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4.4 out of 5 stars
40
4.4 out of 5 stars
Verdi: Il Trovatore [DVD] [NTSC]
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on 13 October 2017
I must say Thoroughly enjoyed this performance the singing the production thank you
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on 19 January 2017
Very exciting, the cast and orchestra gave their all. I wish I could have been in the audience.
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on 7 July 2015
Il Trovatore is one of my must have operas and I have been looking for a well sung, well staged version. This meets the first criteria but i normally avoid any thing by David McVicar and, as usual, the set is daft. Having said that the singing and the music are superb and Hvorostovsky is surely the finest Conte di Luna the world has at this time. Vocally and in acting the entire cast excel and at the rostrum Armiliato leads the orchestra in a faultless presentation of the magnificent score. I have seen this opera staged so much better but rarely have the performances reached this standard. Love McVicar....Buy it. Hate McVicar...Give it a go.
David Erskine, Alloa Scotland.
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on 21 January 2017
Jose Cura as Manrico and Dimitri Hvorostovsky as the count supply their powerful voices to give intensity to this magnificent Verdi opera. Both the parts of Azucena and Leonora are well performed. The sets are carefully designed to provide the necessary atmosphere and artistic merit to the different scenes. Also I'm pleased that costumes contemporary to the story are used. Another point is that it is a relatively recent performance of 2002 vintage.
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VINE VOICEon 2 February 2014
I would class this production of Il Trovatore, conducted and stage directed by Herbert von Karajan, at the Vienna State Opera theatre, as an all time great, which, in the first instance, benefits from clever staging that inspires the imagination rather than 'going over the top' in a mistaken effort to be realistic. The costumes are also well designed and evocative of the period in question. Opera is all about the dramatic manipulation of the human voice in an orchestral setting. Everything else about it needs to be in harmony with these basic essentials. If the action-singing is taking place in a forest glade, then, although no real trees or bushes are displayed, a forest glade is suggested and the actor will not be portrayed singing in front of a kitchen sink. Some operas lend themselves to being filmed on location, but we are not on location here and the staging is perfect for the 'job in hand'.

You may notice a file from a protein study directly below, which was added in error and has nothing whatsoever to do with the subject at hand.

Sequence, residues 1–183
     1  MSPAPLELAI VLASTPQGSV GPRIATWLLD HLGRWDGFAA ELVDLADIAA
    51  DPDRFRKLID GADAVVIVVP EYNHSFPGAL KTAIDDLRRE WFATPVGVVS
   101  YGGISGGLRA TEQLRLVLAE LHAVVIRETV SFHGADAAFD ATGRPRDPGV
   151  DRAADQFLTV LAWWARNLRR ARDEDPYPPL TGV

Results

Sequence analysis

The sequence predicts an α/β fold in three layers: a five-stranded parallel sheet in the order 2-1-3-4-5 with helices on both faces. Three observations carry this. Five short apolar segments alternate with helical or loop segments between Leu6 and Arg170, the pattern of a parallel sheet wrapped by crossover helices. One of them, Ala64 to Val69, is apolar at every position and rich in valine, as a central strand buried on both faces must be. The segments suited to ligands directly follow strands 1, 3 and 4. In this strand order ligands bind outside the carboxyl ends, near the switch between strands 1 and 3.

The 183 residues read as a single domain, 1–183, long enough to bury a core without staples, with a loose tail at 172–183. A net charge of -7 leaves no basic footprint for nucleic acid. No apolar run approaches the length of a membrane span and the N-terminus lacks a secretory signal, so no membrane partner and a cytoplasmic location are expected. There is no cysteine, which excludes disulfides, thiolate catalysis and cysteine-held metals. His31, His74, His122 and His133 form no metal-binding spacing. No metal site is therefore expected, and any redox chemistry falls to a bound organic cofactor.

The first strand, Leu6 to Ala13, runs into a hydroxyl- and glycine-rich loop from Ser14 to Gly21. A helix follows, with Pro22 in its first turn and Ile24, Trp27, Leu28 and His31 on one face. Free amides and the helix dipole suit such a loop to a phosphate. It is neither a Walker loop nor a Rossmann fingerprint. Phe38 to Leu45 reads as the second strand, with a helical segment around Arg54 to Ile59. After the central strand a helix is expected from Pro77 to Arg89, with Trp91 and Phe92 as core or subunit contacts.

At the beginning of Act One Jose Van Dam sets the tone of what's to come with a rousing performance in the role of Fernando, Captain of the Guard telling the story of the kidnap of the Count of Luna's infant brother. Raina Kabalvanska is a convincing Lenora caught between her two lovers: Il Conte di Luna (Piero Cappuccilli) and the troubadour Manrico (Placido Domingo), both of whom give outstanding performances. In fact, the performances of all those involved are of the highest quality and Florenza Cossotto is outstanding in the role of the gipsy Azucena. The scene outside the convent, where Leonora is about to take the veil because she thinks Manrico is dead, is particularly well staged, not least in that it avoids the temptation to 'over-nun' the episode with a gratuitous procession outside the convent gates. As throughout the whole performance, the choir is superb.

It would be hard to improve upon the rendering of the prison scene in the final act, in which the four principals sing their hearts out. Of course, in this work, everyone is watching out for the two famous choruses: the Anvil and the Soldiers. Viewers will not be disappointed. There's a real anvil which you can see and hear being struck and the 'soldiers' sing like a platoon of real soldiers. Getting seemingly small things wrong can ruin a whole performance. Since the anvil striking sets the tone for the agony of what's to come, it's a case of 'no anvil, no opera.' Although Verdi has written operas as great as Il Trovatore, he has never composed a greater one. My personal choice is to place it in the top three all time great operas and, in my opinion, this performance of it is an all time great. Nothing is perfect and it's possible to pick holes in even the best fabrics; but the fact remains: this performance is outstanding..
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on 13 July 2012